ETH holders may come out of the Merge with an extra token. What investors should know - YAHOO FINANCE
And as often happens in crypto, this move will likely confuse some holders, encourage some fraudsters to emerge, and may not be executed in a uniform manner.
Ethereum’s transition from proof of work to proof of stake — also known as the Merge — will change how the network processes transactions.
The upgrade is set to finish sometime between September 10-20, with Ethereum’s co-founder, Vitalik Buterin narrowing his expectation as of Monday to between September 13-15; Ethereum developers predict the Merge will finish in the early morning hours of September 15, New York time.
Though the transition has been planned for years, a contingent of Ethereum miners is planning to “fork” the blockchain to run a version of the protocol that still relies on proof of work.
After the transition from proof of work to proof of stake, network validators that lend into the network will provide the blockchain's consensus mechanism rather than miners, which currently work to create new blocks of processed transactions.
Chandler Guo, a longtime crypto operator, and former Ethereum miner has been a leading figure behind the software fork and told Yahoo Finance it will occur sometime before the Merge. The software fork is expected to create a new token, ETHW.
Two integral crypto players — the stablecoin issuers Tether (USDT) and Circle (USDC) — have both confirmed support for Ethereum’s proof of stake transition, and representatives of each company have also told Yahoo Finance they have no plans to support this proof of work spin-off.
On smaller exchanges such as the Circle-owned Poloniex, futures for the ETHW token are currently pricing the asset at about 3 cents on the dollar to ether.
Also known as chain splitting, any open-source blockchain can be forked at any time. The process has happened countless times in crypto’s history. On rare occasions, blockchain forks create new coins that gain notable traction.
One such example, Ethereum Classic (ETC-USD), holds a $4.9 billion market capitalization and has seen approximately $52 billion in volume reported by “trustworthy” exchanges according to crypto data provider, Nomics. Ethereum’s total trading volume reported by trustworthy sources for the same period was $3 trillion.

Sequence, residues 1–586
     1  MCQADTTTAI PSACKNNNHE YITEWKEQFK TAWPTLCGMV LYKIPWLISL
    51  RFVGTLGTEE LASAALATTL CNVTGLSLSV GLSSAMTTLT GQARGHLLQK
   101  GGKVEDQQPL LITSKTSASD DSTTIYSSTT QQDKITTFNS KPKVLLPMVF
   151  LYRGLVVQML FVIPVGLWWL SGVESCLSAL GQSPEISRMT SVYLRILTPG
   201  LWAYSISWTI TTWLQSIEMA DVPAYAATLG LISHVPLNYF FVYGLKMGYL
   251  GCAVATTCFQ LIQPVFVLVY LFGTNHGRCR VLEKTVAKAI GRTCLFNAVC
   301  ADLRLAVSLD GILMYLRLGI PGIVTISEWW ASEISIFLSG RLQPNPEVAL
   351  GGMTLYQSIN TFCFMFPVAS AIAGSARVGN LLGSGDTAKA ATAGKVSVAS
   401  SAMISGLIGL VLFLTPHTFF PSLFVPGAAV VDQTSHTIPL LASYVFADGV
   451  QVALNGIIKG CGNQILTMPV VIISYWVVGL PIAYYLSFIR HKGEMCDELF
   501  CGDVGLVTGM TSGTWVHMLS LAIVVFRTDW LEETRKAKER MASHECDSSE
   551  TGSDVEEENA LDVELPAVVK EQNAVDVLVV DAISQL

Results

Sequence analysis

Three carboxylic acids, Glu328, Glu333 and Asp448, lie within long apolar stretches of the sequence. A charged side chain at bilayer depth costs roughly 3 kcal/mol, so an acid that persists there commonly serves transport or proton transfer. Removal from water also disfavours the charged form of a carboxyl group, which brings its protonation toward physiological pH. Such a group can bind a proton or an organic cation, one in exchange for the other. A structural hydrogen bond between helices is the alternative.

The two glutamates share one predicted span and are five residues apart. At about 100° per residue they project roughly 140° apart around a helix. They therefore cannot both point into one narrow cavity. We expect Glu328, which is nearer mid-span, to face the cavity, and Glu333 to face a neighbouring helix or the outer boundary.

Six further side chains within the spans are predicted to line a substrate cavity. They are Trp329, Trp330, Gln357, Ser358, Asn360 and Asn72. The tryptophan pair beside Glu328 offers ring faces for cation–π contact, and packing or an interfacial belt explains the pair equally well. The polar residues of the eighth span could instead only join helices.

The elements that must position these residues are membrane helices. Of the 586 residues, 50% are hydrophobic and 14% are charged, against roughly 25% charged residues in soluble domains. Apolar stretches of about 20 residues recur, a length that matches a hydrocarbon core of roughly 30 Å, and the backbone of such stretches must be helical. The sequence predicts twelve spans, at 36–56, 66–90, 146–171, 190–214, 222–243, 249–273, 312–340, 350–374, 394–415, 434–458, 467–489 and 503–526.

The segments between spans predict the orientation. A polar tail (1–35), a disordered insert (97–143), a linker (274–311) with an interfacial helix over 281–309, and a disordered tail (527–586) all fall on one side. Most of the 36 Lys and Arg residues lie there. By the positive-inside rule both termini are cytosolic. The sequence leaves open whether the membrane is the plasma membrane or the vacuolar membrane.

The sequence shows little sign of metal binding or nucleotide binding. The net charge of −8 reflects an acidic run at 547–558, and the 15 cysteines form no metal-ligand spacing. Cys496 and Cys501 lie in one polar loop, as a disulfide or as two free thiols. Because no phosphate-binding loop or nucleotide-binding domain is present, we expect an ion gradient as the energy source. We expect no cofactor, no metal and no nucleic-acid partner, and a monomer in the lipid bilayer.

At first glance, the dynamic might seem like a stock split, Mark Connors, head of research with digital asset manager 3iQ, told Yahoo Finance but in actuality, it's “more like a corporate divorce."
“Someone will basically copy all the blueprints for a 7-year-old network and then there will be an entire ecosystem of businesses out there who will all have to make a decision about whether to support this new thing,” Connors added.
In the event the fork succeeds, investors will receive ETHW at a 1:1 ratio for the amount of ether they held prior to the fork, according to Connors. But this only works if they hold their ether with a crypto exchange or wallet provider that chooses to support the asset.
While most crypto exchanges haven’t ruled out the possibility of listing the asset, none have issued clear guidance on how the process will work. Both Coinbase (COIN) and Binance have given no guarantee, though they've issued guidance stating plans to pause deposits and withdrawals on ether and related coins during the Merge.
“A lot of people think this thing will be dead on arrival, which I don’t completely agree with, but I think it's going to immediately face a lot of selling pressure,” Thomas Dunleavy, a senior research analyst with Messari pointed out.
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Beyond using an exchange or crypto wallet provider willing to support the coin, there are no immediate actions ether holders need to take to receive the ETHW token, “so be aware and suspect of any inquiry requesting personal or crypto wallet information,” Connors added.
The Ethereum Foundation driving the blockchain’s Merge transition has made a similar public service announcement warning investors of Merge-related scams.
“It's really difficult to value [ETHW],” Baxter Hines, a chief investment officer of Texas-based crypto asset manager Honeycomb Digital Investments, explained to Yahoo Finance.
“From an investment management perspective, it might prove easier just to make it someone else’s problem by selling it all immediately, but I am skeptical of that approach," Hines said, admitting the new coin adds extra confusion to the Merge.
"It's funny though, some of these coins can have a second life,” he added.
David Hollerith is a senior reporter at Yahoo Finance covering the cryptocurrency and stock markets. Follow him on Twitter at @DsHollers